Westpac and ASIC back in the ring following rejected settlement


Authors: Andrea Beatty, Chelsea Payne

Service: Banking & Finance | Banking & Finance Litigation
Sector: Financial Services

Following Justice Perram’s rejection of the $35 million agreed settlement between Westpac and ASIC last year, the parties have returned to court to determine whether Westpac has breached the responsible lending laws.

Westpac and ASIC have returned to court to have their once-cooperative settlement turned responsible lending precedent-setting case heard.

Following Justice Perram’s rejection of the $35 million agreed settlement between the parties last year, the Federal Court began hearing both parties’ submissions on 6 May 2019, with the hearing expected to continue until mid this week.

ASIC has contended that all uses of the HEM Benchmark, instead of a customers’ declared living expenses, are a breach of the National Consumer Credit Protection Act 2009 (Cth) (NCCP Act), not just instances where the customers’ declared living expenses were higher than HEM.[1] Consequently, ASIC argues that all 261,987 home loans approved through the automated decision system breached the NCCP Act, regardless of what the consumers’ declared living expenses were, as the use of HEM does not constitute proper assessment required under the NCCP Act.[2] Westpac has criticised ASIC for changing positions on responsible lending, arguing it acted in good faith to ensure customers could afford their loan repayments.[3]

Although Westpac collected additional information during the loan application process, ASIC argues that it did not amount to proper assessment under the NCCP Act, as Westpac only used HEM in calculating whether a customer could service the loan.[4] Westpac argues that it also protected customers by acting in compliance with prudential requirements in using an interest rate buffer to test whether applicants could make repayments in the case of an interest rate rise.[5]

Westpac argues that ASIC has provided inconsistent guidance on the use of the HEM Benchmark. In the current hearing, ASIC has argued that HEM is a ‘frugal’ measure of household expenditure that suggests similar expenses to people living on the Henderson Poverty Line, and does not appropriately reflect the individual circumstances of households.[6] However, in a 2014 media release, ASIC stated that “credit licensees cannot rely solely on benchmark living expense figures”,[7] which Westpac argues does not rule out the use of benchmarks altogether.[8]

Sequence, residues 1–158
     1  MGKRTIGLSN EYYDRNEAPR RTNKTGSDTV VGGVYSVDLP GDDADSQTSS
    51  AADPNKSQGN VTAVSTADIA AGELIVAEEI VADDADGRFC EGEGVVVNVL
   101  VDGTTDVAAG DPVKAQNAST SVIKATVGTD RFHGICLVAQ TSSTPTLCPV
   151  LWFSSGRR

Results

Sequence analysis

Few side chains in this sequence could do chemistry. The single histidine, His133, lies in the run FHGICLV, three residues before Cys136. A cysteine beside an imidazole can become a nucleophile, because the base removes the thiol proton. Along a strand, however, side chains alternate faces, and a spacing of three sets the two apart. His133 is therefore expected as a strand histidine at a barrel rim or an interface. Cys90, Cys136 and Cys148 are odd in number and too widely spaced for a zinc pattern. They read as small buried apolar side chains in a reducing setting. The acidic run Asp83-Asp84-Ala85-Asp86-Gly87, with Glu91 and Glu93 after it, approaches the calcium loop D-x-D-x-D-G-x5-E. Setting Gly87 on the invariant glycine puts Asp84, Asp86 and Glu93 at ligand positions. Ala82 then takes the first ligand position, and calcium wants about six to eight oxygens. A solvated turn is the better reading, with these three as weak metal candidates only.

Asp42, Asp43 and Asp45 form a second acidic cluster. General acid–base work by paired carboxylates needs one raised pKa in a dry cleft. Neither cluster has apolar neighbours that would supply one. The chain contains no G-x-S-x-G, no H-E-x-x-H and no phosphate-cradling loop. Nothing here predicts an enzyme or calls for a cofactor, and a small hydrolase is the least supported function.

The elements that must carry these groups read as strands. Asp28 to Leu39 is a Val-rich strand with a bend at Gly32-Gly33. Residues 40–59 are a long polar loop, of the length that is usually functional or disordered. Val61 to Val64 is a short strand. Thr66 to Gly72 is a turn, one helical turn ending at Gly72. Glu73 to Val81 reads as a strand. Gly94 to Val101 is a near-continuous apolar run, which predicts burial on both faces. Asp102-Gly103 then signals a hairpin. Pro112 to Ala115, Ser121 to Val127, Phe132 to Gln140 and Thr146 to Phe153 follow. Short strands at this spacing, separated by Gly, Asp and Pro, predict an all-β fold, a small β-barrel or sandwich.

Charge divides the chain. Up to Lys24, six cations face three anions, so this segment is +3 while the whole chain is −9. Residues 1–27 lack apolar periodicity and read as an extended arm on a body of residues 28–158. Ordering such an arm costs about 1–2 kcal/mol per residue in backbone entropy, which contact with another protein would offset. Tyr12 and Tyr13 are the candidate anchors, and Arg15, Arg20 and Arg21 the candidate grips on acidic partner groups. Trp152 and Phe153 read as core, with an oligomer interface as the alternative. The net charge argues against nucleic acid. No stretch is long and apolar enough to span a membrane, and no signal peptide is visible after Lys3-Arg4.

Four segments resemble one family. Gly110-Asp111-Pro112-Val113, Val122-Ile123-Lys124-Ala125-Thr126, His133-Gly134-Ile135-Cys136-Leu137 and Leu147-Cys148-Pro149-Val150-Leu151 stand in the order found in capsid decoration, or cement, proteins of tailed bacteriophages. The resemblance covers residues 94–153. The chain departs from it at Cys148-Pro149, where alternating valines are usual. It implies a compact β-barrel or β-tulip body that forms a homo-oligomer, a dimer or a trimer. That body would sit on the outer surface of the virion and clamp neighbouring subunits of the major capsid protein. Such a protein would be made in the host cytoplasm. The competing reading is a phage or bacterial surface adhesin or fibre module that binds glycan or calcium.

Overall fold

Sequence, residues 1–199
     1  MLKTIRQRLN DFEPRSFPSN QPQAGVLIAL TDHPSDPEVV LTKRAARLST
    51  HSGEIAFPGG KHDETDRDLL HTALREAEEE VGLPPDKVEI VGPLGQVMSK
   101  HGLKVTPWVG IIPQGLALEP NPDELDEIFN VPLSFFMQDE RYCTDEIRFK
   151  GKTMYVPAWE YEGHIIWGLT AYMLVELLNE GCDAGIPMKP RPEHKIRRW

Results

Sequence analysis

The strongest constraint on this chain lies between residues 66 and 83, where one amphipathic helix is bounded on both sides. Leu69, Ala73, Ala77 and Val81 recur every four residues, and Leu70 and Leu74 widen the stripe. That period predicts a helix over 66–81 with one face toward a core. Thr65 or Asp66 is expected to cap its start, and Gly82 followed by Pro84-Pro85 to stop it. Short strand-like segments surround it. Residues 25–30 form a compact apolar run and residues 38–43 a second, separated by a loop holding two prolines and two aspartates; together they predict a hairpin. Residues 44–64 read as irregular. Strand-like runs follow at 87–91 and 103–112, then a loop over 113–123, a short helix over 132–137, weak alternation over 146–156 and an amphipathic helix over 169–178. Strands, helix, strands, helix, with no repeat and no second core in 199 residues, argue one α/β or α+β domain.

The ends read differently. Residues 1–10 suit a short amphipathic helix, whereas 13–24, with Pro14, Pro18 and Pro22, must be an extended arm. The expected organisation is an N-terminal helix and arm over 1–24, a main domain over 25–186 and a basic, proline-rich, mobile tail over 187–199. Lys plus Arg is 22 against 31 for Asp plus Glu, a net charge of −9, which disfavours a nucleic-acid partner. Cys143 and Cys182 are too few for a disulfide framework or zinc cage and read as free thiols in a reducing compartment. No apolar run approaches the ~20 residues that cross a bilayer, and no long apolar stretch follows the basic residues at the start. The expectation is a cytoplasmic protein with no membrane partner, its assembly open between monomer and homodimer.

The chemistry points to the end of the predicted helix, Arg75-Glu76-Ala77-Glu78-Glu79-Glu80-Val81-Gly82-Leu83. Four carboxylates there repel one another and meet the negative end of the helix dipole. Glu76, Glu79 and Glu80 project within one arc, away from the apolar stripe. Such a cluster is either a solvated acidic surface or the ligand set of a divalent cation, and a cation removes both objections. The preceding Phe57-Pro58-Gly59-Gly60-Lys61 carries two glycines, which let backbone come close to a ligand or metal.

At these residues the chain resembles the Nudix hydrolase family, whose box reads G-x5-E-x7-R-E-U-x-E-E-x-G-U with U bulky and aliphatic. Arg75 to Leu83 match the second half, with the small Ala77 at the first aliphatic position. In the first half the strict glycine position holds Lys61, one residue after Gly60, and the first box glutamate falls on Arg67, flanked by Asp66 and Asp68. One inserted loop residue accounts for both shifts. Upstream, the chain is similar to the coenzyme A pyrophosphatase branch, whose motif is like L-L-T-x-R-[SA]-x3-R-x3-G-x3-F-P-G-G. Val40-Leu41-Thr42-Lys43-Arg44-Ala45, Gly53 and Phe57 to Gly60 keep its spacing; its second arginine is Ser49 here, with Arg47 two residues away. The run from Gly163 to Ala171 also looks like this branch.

Westpac rejects ASIC’s “19th Century” approach to taking a consumers’ income and subtracting their expenses to assess whether the consumer can repay the loan, and only lending when the result is a suitably positive number.[9] Westpac believes its “21st Century system” is much more sophisticated than this approach by using a ‘70% rule’ that refers customers for manual assessment if declared living expenses exceeds 70% of their verified monthly income.[10]

Stay tuned for the outcome of this case, as it is revealing critical details on how ASIC is now interpreting the responsible lending laws. In the rejected settlement between ASIC and Westpac, ASIC only raised issue with Westpac using the HEM Benchmark when declared living expenses were higher. However, ASIC is now contending that relying on the HEM Benchmark at all is a breach of the NCCP Act. It appears ASIC’s view on benchmarks is that they should only be used for guidance and not a final figure on assessing the suitability of a loan.

If Justice Perram reveals any deficiencies in the current responsible lending provisions of the NCCP Act, we could expect to see amendments to the law, something encouraged by Commissioner Hayne in his final report of the Banking Royal Commission.[11]


[1] Stephanie Chalmers, ‘Westpac and ASIC fight over responsible lending after court rejects $35m settlement’ ABC News (6 May 2019)

[2] Ibid.

[3] Misa Han, ‘Westpac accuses ASIC of shifting rules on lending’ Australian Financial Review (7 May 2019)

[4] Chalmers, above n 1.

[5] Han, above n 3.

[6] Ibid.

[7] Australian Securities and Investments Commission, ‘ASIC releases updated responsible lending guidance’ (Media release 14-290MR, 5 November 2014)

[8] Han, above n 3.

[9] James Eyers and Misa Han, ‘The case that could reshape banking’ Australian Financial Review (10 May 2019)

[10] Han, above n 3.

[11] Royal Commission into Misconduct in the Banking, Superannuation and Financial Services Industry, Final Report (Volume 1) 57.